Part-time residents applaud property tax cancellation
ST. MARY’S — If Guysborough County non-resident homeowners are breaking the bank this summer, it may be to pay for home improvements, not new taxes, thanks to a stunning shift in provincial policy last week.
Less than a month after levying an additional $2 per $100 of assessed value on seasonal homes for people who don’t live year-round in Nova Scotia, the government has rolled back measures that would have doubled or tripled the annual taxes of certain owners.
Amid growing outcry from non-resident landlords and housing advocates, Premier Tim Houston announced the reversal during a 30-minute question and answer session with the media following a cabinet meeting in Halifax. May 5.
“When I ran for prime minister I promised I would be a solutionist and that word means something to me,” he said. “It means having the humility to recognize that when you do something wrong, you learn from those mistakes and do better. That’s why I’m here to tell you today that we’re not moving forward. with non-resident property tax Our province’s reputation is more important than any policy, and it is certainly more important than my personal pride.
Houston, however, retained the 5% transfer tax on purchase prices or assessed values — whichever is greater — on local properties owned by people whose primary residences are outside of Houston. Province.
“The deed transfer will remain, but the property tax itself will not apply,” he said. “Nova Scotia is a welcoming province and I want that message to be heard loud and clear.
The message was, indeed, music to the ears of non-resident property owners in the municipal districts of St. Mary’s and Guysborough, two of whom told the Journal that they now plan to invest money in their seasonal gaps this summer.
“The money I should have given to taxes, I can now spend at home in Nova Scotia,” said Lee Wormington, a Toronto resident who owns a tiny house with his wife Julie on Lake Lochiel, about 30 kilometers north of Sherbrooke. “I’m definitely getting materials for some work around the place.”
Dave Ridgeway from Alberta, owner of a summer home near Manchester, added: “This is great news for me as I will be installing a metal roof on the cottage. So the money that would have gone to that tax is now going to be spent on a company in Dartmouth that manufactures that metal roofing.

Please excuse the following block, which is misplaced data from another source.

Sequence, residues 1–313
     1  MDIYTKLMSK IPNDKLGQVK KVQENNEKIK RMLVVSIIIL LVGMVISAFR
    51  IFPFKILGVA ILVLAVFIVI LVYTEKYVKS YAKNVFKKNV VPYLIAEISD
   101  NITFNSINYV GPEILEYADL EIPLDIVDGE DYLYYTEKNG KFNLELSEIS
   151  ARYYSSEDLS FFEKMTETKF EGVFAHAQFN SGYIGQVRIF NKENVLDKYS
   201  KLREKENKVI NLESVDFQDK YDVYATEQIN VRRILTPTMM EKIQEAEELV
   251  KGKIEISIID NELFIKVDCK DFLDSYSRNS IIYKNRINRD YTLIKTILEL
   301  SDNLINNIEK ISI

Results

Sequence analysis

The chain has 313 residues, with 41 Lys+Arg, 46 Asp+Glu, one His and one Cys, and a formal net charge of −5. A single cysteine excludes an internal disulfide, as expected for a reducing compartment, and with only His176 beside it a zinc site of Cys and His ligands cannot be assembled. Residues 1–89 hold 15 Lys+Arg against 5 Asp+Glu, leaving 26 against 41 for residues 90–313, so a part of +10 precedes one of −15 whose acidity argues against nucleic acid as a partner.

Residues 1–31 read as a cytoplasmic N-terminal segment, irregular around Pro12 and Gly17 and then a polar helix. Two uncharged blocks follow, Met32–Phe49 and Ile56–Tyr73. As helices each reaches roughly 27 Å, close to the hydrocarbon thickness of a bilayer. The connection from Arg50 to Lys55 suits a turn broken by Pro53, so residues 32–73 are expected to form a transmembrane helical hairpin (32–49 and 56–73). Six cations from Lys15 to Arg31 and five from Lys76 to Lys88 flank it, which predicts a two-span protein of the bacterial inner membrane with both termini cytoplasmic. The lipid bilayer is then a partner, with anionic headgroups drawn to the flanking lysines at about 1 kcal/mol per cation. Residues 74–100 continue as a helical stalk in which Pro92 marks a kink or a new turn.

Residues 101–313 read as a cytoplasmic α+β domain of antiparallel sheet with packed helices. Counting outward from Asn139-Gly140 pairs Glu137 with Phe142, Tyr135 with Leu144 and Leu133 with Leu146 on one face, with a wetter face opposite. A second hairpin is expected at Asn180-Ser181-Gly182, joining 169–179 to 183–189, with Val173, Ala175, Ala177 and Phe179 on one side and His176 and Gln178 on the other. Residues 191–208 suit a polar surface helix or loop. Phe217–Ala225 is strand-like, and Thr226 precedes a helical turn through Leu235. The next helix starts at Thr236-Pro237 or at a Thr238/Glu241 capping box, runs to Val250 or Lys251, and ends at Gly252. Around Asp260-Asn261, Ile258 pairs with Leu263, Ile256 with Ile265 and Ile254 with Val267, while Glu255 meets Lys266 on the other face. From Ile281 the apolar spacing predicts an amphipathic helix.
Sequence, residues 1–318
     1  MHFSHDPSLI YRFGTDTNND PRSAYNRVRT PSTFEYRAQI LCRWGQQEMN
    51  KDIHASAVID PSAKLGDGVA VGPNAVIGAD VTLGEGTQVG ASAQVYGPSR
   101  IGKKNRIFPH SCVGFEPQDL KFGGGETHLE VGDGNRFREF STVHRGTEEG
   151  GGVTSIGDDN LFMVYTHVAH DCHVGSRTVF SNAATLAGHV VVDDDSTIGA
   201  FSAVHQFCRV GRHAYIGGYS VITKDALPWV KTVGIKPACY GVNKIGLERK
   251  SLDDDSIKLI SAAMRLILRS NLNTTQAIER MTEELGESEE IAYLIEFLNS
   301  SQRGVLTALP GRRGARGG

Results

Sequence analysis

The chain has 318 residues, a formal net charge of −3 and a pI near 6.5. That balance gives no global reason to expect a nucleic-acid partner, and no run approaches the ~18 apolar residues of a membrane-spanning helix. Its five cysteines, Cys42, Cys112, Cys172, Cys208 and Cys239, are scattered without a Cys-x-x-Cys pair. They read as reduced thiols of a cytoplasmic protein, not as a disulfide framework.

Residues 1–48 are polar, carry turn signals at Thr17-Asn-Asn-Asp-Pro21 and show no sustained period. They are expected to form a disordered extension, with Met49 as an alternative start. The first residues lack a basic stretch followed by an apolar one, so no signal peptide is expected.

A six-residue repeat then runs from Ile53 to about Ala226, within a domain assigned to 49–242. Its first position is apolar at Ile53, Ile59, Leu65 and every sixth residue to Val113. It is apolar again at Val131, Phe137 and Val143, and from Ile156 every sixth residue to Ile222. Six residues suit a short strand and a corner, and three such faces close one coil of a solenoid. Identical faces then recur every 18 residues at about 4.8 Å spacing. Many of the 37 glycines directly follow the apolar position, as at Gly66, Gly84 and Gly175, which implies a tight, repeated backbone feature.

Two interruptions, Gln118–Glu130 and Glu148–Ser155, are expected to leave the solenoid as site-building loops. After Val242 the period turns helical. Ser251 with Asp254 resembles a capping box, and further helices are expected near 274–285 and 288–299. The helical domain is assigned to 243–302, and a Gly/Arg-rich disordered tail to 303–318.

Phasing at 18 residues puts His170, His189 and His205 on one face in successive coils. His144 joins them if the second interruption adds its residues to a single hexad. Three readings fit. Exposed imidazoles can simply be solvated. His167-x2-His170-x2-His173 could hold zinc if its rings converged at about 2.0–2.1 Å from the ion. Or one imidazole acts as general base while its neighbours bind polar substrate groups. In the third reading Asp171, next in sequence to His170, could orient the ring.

Houston had said the new tax policy was ‘designed to be a housing support tool,’ but he never clarified how the expected $65 million in additional revenue per year would be used to address the inventory shortage. affordable, a serious and growing problem. problem.
That lack of clarity fueled criticism — and even threats to pull local stakes — among non-resident homeowners across Canada and as far away as Europe when the measures were introduced in mid-April.
“An annual tax penalty for non-residents is simply counterproductive,” wrote Christoph Mause of Ratingen, Germany, who owns a seasonal home in Liscomb, in a letter to Houston on April 22. “Nor does it help solve the housing crisis caused by the government itself. Seasonal residents, in particular, bring millions of dollars to the province of Nova Scotia every year, building new homes , employing local service providers and thus supporting local communities in structurally weak areas.
He added: “I have heard friends say before that they are considering selling their holiday homes and some of my neighbors who have recently bought land in Gegogan Harbour/Liscomb have already announced that they are unlikely to build in the new conditions. ”
At last week’s press conference, Houston said, “When you realize that the tool you have in your hand might not do the job, you look for another tool,” adding, “I m ‘commit to finding a tool to make home affordable…especially for first time home buyers, a reality in this province.
No further details on alternatives to the waived tax were available.
“I think the loss of revenue is definitely going to be a concern, especially if that money is going to go towards building affordable housing,” said Nancy O’Regan, executive director of Guysborough County Housing Network. “It will definitely reduce that. The government is going to keep the transfer tax, so I think that will give a bit of extra revenue.
Still, she added, reversing was the right thing to do. “I’m happy,” she said. “I think we’ve heard a lot about Guysborough County residents who have summer homes here and family roots here. It was just the injustice, and we heard from people from other provinces who really want to keep their properties here and plan to use them.
Meanwhile, Ridgeway and Wormington congratulated Houston on their turnaround.
“Governments and leaders at this time are rarely willing to admit they made a mistake,” Wormington said. “So I was, like, ‘Wow…Okay, they made a mistake and now they’re backing down.’ I was just impressed.
Says Ridgeway: “Congratulations to [Houston] to see his way through this. It takes a braver politician than most to do that.
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